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As advances in technology take place, the level of sophistication in network security threats increased proportionally. Usually security measures are reactionary, in that these measures are implemented only when the attack breaches existing defenses. Unfortunately there is no security system that is completely secure or foolproof against attacks, therefore the only solution is to implement stringent policies, constantly review and update them, and lastly be vigilant of network activity.
There are a number of network security problems, which can be guarded against with the right implementation of security policies. The following are the most common problems for networks.
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A rather insidious network security threat, data modification is very difficult to detect. In these cases, the intent is merely to cause losses rather than to actually gain from compromising a network. Data modification is not necessarily restricted to confidential information either; it can be as simple as changing dates on an electronic communication.
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Commonly known as DoS, denial of service attacks essentially clog up an organizational to the point that it cannot provide service to its customers. These attacks are usually perpetrated by disgruntled individuals, like ex-employees, or by those with malicious intent. Denial of service attacks can severely cripple a business and, if the attack lasts long enough, they can cause significant losses.
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Although a great deal of emphasis is placed on creating secure passwords for logins, quite a number of servers send the passwords back and forth in unencrypted form. This cleartext is easily visible to any user listening in at the right port. Once the login and password details are available, unauthorized access becomes easy.
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One of the more popular forms of attack, email-based attacks carry malware right into the network, past all the defenses that are put in place. There are mechanisms that scan email attachments, and even some email programs that refuse to attach executable files, however the protection is still at its weakest with emails.
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Most network components identify themselves through the use of IP addresses. IP addresses are also used to validate data that has been received from a legitimate source or destination. Identity spoofing essentially means that a hacker can pretend to have a computer with that IP address, thereby becoming trusted by the network. Once this happens, then all the data intended for or received from the original machine is compromised.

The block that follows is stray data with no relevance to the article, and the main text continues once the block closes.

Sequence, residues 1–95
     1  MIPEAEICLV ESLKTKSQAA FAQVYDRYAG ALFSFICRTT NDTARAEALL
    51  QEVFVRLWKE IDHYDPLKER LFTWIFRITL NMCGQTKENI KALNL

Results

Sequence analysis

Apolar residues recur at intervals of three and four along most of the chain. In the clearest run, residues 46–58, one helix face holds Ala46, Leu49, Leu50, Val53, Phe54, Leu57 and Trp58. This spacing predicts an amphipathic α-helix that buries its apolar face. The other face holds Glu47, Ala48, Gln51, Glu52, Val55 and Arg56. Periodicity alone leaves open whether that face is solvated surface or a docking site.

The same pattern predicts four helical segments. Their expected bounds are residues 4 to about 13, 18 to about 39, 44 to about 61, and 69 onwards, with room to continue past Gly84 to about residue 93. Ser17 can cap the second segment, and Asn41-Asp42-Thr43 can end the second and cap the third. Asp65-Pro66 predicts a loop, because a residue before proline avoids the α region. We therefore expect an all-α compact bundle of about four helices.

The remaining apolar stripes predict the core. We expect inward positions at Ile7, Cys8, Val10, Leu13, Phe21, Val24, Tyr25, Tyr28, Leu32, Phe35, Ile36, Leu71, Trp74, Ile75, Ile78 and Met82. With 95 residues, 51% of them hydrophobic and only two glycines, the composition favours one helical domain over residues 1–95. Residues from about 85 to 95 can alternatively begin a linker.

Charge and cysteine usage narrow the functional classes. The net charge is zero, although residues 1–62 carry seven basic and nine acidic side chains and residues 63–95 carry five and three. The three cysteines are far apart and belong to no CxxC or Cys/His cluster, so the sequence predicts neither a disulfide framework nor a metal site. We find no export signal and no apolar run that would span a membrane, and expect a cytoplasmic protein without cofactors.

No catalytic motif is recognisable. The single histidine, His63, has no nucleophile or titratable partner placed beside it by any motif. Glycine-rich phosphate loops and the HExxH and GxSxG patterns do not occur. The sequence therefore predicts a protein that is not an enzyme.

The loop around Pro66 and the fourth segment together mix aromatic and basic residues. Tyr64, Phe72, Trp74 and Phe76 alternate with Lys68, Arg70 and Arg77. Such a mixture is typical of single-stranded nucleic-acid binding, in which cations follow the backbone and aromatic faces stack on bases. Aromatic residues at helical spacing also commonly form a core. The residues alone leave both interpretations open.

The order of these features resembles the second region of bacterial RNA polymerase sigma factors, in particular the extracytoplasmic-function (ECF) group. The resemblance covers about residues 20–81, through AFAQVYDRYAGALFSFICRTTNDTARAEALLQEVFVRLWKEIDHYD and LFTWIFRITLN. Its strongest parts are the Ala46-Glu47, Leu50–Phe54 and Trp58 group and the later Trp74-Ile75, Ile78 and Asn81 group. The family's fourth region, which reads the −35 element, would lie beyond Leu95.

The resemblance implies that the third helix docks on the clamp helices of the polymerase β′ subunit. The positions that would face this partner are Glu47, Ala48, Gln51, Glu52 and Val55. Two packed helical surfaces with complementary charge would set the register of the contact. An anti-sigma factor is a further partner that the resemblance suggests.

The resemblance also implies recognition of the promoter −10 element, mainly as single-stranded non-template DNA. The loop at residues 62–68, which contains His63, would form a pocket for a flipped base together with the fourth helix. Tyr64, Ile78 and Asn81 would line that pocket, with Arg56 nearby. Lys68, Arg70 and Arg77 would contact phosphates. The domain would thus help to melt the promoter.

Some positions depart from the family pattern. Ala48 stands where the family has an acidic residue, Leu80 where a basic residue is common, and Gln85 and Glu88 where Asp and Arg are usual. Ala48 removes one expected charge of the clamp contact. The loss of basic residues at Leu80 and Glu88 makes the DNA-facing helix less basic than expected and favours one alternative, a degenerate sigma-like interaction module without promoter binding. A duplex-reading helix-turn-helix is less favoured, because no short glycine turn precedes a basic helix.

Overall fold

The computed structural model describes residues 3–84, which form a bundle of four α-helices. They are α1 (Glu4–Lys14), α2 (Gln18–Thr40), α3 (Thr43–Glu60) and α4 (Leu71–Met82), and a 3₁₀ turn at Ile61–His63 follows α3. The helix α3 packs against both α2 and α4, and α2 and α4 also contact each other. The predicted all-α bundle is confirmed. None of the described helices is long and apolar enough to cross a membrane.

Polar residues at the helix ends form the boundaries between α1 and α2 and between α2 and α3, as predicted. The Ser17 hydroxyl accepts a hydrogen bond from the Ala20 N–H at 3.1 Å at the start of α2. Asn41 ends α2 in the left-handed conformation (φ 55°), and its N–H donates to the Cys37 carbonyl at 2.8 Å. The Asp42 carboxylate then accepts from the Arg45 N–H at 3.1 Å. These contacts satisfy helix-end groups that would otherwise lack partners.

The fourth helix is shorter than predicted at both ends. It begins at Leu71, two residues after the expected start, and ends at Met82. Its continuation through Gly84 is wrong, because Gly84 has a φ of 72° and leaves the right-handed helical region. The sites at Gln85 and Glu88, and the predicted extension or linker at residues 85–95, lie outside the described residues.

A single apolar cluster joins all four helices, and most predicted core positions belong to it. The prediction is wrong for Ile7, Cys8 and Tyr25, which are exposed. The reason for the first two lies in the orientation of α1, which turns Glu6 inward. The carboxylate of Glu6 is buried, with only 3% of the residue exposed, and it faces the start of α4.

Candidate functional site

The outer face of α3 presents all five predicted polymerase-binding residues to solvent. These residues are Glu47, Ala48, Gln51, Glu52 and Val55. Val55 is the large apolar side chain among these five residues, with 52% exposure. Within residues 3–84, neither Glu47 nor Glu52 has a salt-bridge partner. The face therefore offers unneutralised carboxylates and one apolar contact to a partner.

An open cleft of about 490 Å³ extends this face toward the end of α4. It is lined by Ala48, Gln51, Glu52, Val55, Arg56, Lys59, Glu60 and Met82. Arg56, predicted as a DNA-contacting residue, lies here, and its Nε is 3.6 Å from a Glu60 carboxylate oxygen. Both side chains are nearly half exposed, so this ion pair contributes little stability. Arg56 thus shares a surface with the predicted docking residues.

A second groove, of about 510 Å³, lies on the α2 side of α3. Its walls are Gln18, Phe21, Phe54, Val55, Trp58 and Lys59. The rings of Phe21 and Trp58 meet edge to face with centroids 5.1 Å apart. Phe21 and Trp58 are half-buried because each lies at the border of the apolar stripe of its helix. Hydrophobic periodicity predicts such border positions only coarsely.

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As the name suggests, the man-in-the-middle attack refers to a third party placing themselves in the middle of a communication. The communication from both ends is intercepted and therefore compromised. There is no way of knowing whether the communications received are authentic or have been altered in some way.
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Password-Based Attacks/Unauthorized Access
Most hackers want access into a system for either control or information retrieval. One of the easiest ways to gain unauthorized access into a system is to hijack the identity of an authorized user. The system then remains unaware that the individual is not the identified one, and therefore they have access to the system, depending on the permissions set on the account that was hijacked. Unauthorized access also includes accessing parts of the system that the user is not allowed to view.
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Worms and Trojans
Worms and Trojans are examples of malicious malware, designed to infect a system insidiously, extract information and send it across to an outside source. This way the hacker can view what is inside the system without being anywhere close. This sort of malware is difficult to detect without strong antimalware applications.